Last week's article on whether training should be mandatory for maritime instructors generated a lot of discussion. For all the different opinions held, the one point of agreement was that training can improve the effectiveness of maritime instructors. On that theme, I'd like to share some advice I've heard over the years that I feel has been of benefit to me as an instructor.
The maritime industry’s operations and training practices are highly regulated. Yet one part of the industry which receives comparatively little regulation is the amount and type of training which maritime instructors must have before they can act as instructors. Is this a fundamental flaw? Or is the industry already over-regulated?
The term “student-centered learning” is one that many trainers likely have not heard before. Yet it is an important training concept that has been discussed for 20 or more years, and one that all maritime trainers should understand and consider. It is credited with improving trainee motivation, trainer-trainee relationships, and increasing the trainee’s own responsibility for their training. So what is student-centered learning and how is it applicable to the maritime industry?
In today’s article you are going to read a bit about the International Maritime Mentoring Site, and meet an amazing maritime mentor, Capt. Russ Garbutt. I use the word “amazing” for many reasons, not the least of which is his willingness to improve the maritime industry by volunteering to share his 48 years of maritime experience with young or prospective maritime industry workers.
Maritime education needs to be focused upon. It needs to be considered, discussed, studied, analysed, and continuously improved upon. It is for this reason that when I saw the call for papers for IMLA 20 - the 20th “IMLA International Conference on Maritime Education and Training”, I knew I needed to be there. This article highlights some of the important issues surrounding Maritime Training and Education which are being raised at this conference.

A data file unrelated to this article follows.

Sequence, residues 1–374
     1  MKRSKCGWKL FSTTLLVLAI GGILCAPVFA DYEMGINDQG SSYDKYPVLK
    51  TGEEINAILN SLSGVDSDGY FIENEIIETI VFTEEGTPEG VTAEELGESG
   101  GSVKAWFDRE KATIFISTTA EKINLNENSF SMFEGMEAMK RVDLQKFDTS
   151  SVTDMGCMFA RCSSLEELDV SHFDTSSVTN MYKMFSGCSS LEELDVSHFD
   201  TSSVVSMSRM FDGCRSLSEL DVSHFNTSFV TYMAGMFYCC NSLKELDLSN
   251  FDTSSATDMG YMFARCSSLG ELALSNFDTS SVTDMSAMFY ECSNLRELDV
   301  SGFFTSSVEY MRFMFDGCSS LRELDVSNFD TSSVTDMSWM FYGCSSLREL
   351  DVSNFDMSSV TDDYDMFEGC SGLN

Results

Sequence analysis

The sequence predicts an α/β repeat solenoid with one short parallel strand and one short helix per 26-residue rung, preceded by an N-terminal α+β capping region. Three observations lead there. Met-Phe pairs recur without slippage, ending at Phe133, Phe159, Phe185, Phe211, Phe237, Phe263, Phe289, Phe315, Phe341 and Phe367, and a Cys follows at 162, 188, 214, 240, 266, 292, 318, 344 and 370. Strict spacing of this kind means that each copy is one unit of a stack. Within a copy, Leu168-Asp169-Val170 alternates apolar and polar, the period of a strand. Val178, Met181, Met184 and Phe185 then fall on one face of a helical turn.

I ask you - what better way is there to pay tribute to the 1.5 million seafarers around the world then to improve their lot in the industry through improved support and training? This article completes the series on peer-learning by discussing some of the benefits that accrue to trainees, trainers and training organizations in the maritime industry.
Peer learning makes trainees an active part of the learning process as opposed to simply “vessels to be filled with knowledge”. It encourages reflective thought and engagement. And because these benefits to trainees are derived from their peers, it can actually reduce the workload on you, their trainer. This article continues the discussion on peer learning by providing some concrete advice on how to engage in peer learning in the maritime community.
One of the most powerful forms of informal learning is peer learning - in other words, trainees learning from trainees. Yet although both research and experience tell us of the power of peer learning, most training organizations do almost nothing to support it. This article looks at peer learning as a supplement to traditional instruction, and discusses how we can take advantage of it to improve learning outcomes, trainee experiences and trainee engagement.
The maritime mentoring initiative will either be an amazing and valuable resource to the entire industry, or it will quietly fade away. The difference will be determined primarily by how well we get the word out. Please help spread the word (oh yes - and do join as well!)
As trainers, we are all aware of the relationship between trainee motivation and training outcomes. But not all types of motivation create an equal incentive to learn, and most training programs dedicate very little effort to building and reinforcing motivation in their trainees. This article looks at motivation in maritime training, and provides simple suggestions on how to help motivate trainees.